Waters look smooth for imported brew
El Lago couple making trip to get Belize coffee beans with own sailboat

Copyright 2007 Houston Chronicle

Joe and Terry Butcher have had their fair share of coffee as they worked on crew boats delivering workers and supplies to oil rigs. The two now plan to deliver coffee from Belize to the United States.

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The couple, who call El Lago home, are sailing to San Pedro Town, Ambergris Caye, in Belize, where they will load 10,000 pounds of the roasted blend and bring it home.

The Butchers are among the new entrepreneurs entering the coffee business. Unlike others, however, the Butchers plan to use their 42-foot sailboat Red Cloud as a cargo ship. The two, along with Joe Butcher's brother, Doug, will make up the crew.

Joe Butcher calls his venture "the dawn of the new age of eco-sailing."

"We want to become a model of profit using renewable resources," said Butcher, 45, who will captain the Red Cloud.

Added Terry Butcher, 50, "We're not only after the coffee business, but we also want to prove an environmentally friendly way of doing things."

Since coffee has a long shelf life and the coffee they are importing is vacuum-packed, the Butchers see no real problems with bringing the goods back on a sailboat. It likely will take a day to load the cargo, making the round trip about 2 1/2 weeks.

"We tried coffee all over the Caribbean, South and Central America, Mexico, Puerto Rico and the Dominican Republic before choosing this one," Butcher said of the brew from Belize.

Importing coffee is nothing new to the Houston area.

Last month, the Port of Houston Authority hosted its third annual Coffee Symposium, with workshops for those interested in or just getting started in the coffee business.

The symposium highlighted the Houston region's rising stature in the global coffee trade and provided strategies to help businesses with distribution, transportation, warehousing, logistics, banking, trading, importing, insurance, roasting, packaging and food services.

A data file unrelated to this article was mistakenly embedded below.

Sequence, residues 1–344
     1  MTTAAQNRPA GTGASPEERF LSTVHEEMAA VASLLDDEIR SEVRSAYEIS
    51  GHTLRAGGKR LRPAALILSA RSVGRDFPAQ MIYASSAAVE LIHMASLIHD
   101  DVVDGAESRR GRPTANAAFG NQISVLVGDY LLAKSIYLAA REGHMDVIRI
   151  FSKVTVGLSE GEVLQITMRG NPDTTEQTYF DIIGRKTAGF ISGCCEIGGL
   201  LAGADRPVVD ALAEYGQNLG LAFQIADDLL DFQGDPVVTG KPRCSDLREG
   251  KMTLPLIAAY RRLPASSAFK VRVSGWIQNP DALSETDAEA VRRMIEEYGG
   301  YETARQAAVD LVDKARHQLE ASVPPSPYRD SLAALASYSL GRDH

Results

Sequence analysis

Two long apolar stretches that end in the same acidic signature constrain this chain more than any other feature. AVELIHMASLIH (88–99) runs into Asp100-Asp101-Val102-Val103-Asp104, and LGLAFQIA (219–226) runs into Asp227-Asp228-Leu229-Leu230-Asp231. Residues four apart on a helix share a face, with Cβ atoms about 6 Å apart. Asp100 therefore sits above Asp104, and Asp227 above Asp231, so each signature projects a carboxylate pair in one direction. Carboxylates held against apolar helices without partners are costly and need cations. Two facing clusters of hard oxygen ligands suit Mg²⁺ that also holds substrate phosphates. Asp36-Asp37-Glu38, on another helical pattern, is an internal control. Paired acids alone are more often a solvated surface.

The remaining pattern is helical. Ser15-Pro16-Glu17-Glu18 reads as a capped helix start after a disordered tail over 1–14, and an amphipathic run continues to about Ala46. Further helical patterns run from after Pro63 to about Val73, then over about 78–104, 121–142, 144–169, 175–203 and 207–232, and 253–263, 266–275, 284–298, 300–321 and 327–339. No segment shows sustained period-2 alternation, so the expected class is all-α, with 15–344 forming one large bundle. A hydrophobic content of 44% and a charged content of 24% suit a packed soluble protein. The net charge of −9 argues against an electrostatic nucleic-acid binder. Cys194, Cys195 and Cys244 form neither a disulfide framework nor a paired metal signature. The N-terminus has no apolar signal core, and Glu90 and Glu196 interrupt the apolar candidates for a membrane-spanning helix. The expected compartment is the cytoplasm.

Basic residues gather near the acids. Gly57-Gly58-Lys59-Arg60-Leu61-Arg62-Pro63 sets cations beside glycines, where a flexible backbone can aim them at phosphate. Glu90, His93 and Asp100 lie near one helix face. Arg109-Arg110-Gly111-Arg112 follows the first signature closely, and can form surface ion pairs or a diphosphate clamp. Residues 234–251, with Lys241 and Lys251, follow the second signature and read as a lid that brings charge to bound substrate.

Houston was designated as a green coffee exchange port on the New York Board of Trade in 2003. Four years later, Houston has become the nation's top-ranked port for imports of coffee traded on the NYBOT, port officials said.

Maggi Stewart, a spokeswoman for the port authority, said more than 147,000 short tons of coffee was imported into Houston with a revenue of $313.5 million.

This year saw a slight decrease with more than 133,300 short tons of imports at a projected revenue of $301.7 million.

Joe Butcher said no tariffs or taxes are paid to import coffee.

Texas voters in 2001 agreed to lift an import tax on coffee, which opened the door for the NYBOT to designate Houston as one of only four coffee exchange ports in the nation and the only one west of the Mississippi. The others are New Orleans, New York and Miami.

The designation means coffee traded on the NYBOT can be stored and distributed from here in greater amounts.

The Butchers are teaming up with roast master Paul Clause from Caye Coffee Ltd. in Ambergris Caye, a small island north of mainland Belize.

Clause, Butcher said, has perfected four different roast combos from his organically grown, sun-dried and hand-sorted coffee beans. The beans, he said, are grown 5,000 feet above sea level in neighboring Guatemala.

The import coffee, which the Butchers plan to initially sell on eBay, is being sold in 1-pound packages featuring Island Roast, an "American-style" coffee; Belizean Roast, a dark espresso roast; Maya Roast, a serious coffee drinker's coffee; and decaffeinated.


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